Chapter 7 - BEFORE YOU READ Activity Discuss in class 1....

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B EFORE YOU R EAD Activity Discuss in class 1. What images — of people and of places — come to your mind, when you think of our country? 2. What parts of India have you lived in, or visited? Can you name some popular tourist destinations? 3. You may know that apart from the British, the Dutch and the French, the Portuguese have also played a part in the history of our country. Can you say which parts of India show French and Portuguese influences? 4. Can you say which parts of India grow (i) tea, (ii) coffee? I A Baker from Goa This is a pen-portrait of a traditional Goan village baker who still has an important place in his society. O UR elders are often heard reminiscing nostalgically about those good old Portuguese days, the Portuguese and their famous loaves of bread. Those eaters of loaves might have vanished but the makers are still there. We still have amongst us the mixers, the moulders and those who bake the loaves. Those age-old, time- tested furnaces still exist. The fire in the furnaces has not yet been extinguished. The thud and jingle of reminiscing nostalgically thinking fondly of the past
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First Flight 86 the traditional baker’s bamboo, heralding his arrival in the morning, can still be heard in some places. Maybe the father is not alive but the son still carries on the family profession. These bakers are, even today, known as pader in Goa. During our childhood in Goa, the baker used to be our friend, companion and guide. He used to come at least twice a day. Once, when he set out in the morning on his selling round, and then again, when he returned after emptying his huge basket. The jingling thud of his bamboo woke us up from sleep and we ran to meet and greet him. Why was it so? Was it for the love of the loaf? Not at all. The loaves were bought by some Paskine or Bastine, the maid-servant of the house! What we longed for were those bread-bangles which we chose carefully. Sometimes it was sweet bread of special make. The baker made his musical entry on the scene with the ‘jhang, jhang’ sound of his specially made bamboo staff. One hand supported the basket on his head and the other banged the bamboo on the ground. He would greet the lady of the house with “Good morning” and then place his basket on the vertical bamboo. We kids would be pushed aside with a mild rebuke and the loaves would be delivered to the servant. But we would not give up. We would climb a bench or the parapet and peep into the basket, somehow. I can still recall the typical fragrance of those loaves. Loaves for the elders and the bangles for the children. Then we did not even care to brush our teeth or wash our mouths properly. And why should we? Who would take the trouble of plucking the mango-leaf for the toothbrush? And why was it necessary at all? The tiger never brushed his teeth. Hot tea could wash and clean up everything so nicely, after all!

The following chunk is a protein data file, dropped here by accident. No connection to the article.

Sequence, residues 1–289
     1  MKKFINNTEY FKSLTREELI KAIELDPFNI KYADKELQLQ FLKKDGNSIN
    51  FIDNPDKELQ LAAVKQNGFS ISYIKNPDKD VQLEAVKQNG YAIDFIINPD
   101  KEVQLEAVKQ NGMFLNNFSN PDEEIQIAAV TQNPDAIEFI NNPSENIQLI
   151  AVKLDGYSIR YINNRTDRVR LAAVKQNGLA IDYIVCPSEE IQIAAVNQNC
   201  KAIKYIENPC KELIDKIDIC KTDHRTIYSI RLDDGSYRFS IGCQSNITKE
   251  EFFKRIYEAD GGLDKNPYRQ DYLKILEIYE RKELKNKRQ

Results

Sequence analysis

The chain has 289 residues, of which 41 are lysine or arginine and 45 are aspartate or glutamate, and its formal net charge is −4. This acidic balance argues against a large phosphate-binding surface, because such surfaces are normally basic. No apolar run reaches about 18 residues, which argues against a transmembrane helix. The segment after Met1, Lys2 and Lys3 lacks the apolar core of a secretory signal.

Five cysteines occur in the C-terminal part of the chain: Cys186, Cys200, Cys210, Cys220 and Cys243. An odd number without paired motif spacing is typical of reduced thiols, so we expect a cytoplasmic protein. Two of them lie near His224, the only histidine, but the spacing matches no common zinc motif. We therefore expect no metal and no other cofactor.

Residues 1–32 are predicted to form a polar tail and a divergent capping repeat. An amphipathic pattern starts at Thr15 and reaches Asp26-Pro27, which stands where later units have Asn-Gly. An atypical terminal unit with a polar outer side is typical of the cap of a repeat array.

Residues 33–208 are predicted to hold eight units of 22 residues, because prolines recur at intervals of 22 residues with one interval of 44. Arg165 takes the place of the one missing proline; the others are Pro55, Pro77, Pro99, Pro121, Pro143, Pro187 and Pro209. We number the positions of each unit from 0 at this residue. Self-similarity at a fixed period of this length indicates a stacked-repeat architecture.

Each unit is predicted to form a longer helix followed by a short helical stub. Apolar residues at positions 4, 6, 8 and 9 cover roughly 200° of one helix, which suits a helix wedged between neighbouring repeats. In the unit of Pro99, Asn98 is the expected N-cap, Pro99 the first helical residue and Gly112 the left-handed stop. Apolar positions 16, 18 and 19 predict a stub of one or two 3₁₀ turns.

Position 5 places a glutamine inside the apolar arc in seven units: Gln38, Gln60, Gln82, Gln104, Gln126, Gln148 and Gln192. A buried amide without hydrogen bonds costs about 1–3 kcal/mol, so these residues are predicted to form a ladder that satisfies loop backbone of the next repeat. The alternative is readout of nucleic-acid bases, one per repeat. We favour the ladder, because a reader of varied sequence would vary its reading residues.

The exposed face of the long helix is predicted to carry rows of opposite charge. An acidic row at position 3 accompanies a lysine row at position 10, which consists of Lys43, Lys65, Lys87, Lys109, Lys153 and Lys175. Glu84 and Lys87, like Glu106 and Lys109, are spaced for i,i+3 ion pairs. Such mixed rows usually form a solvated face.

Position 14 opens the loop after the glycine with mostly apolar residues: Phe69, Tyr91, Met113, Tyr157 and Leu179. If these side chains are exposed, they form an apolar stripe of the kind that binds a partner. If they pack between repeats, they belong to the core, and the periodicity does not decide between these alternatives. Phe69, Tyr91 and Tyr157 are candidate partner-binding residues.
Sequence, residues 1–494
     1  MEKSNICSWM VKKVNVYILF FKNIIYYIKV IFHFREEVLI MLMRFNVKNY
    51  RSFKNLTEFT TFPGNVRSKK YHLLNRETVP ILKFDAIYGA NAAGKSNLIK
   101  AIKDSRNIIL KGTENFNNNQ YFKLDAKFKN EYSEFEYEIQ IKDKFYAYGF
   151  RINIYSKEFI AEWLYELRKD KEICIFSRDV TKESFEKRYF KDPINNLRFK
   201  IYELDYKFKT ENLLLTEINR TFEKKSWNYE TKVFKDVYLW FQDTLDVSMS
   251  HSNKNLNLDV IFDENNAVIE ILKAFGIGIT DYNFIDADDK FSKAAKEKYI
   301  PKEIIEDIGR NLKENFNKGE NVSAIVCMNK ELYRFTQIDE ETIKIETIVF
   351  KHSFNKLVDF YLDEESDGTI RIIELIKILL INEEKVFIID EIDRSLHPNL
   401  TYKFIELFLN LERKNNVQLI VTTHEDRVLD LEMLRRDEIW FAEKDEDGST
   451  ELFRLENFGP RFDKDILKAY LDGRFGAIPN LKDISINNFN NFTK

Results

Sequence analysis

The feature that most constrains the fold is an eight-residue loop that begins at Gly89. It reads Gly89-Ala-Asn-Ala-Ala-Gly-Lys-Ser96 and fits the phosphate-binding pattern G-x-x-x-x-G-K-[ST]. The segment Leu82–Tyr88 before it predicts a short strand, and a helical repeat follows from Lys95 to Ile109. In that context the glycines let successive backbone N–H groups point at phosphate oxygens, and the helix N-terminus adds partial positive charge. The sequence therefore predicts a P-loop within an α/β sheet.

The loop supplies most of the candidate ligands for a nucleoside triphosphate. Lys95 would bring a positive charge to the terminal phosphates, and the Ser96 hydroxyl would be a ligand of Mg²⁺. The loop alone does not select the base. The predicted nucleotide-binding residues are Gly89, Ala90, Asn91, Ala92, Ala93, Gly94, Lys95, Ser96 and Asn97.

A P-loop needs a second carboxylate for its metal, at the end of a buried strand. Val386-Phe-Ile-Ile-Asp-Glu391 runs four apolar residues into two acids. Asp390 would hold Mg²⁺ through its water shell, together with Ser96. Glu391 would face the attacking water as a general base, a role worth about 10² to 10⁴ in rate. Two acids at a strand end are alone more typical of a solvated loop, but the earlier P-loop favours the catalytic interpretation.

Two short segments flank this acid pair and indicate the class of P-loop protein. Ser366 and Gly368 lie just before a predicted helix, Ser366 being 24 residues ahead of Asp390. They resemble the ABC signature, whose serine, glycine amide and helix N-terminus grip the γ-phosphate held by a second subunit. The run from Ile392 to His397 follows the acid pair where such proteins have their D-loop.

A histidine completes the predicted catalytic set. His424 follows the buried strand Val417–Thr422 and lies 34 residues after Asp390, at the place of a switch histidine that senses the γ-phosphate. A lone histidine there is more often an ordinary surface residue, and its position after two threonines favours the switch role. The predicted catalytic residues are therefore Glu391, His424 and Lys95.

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This note was uploaded on 01/19/2012 for the course ENGLISH 3en taught by Professor Rickyharris during the Fall '10 term at Central European University.

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Chapter 7 - BEFORE YOU READ Activity Discuss in class 1....

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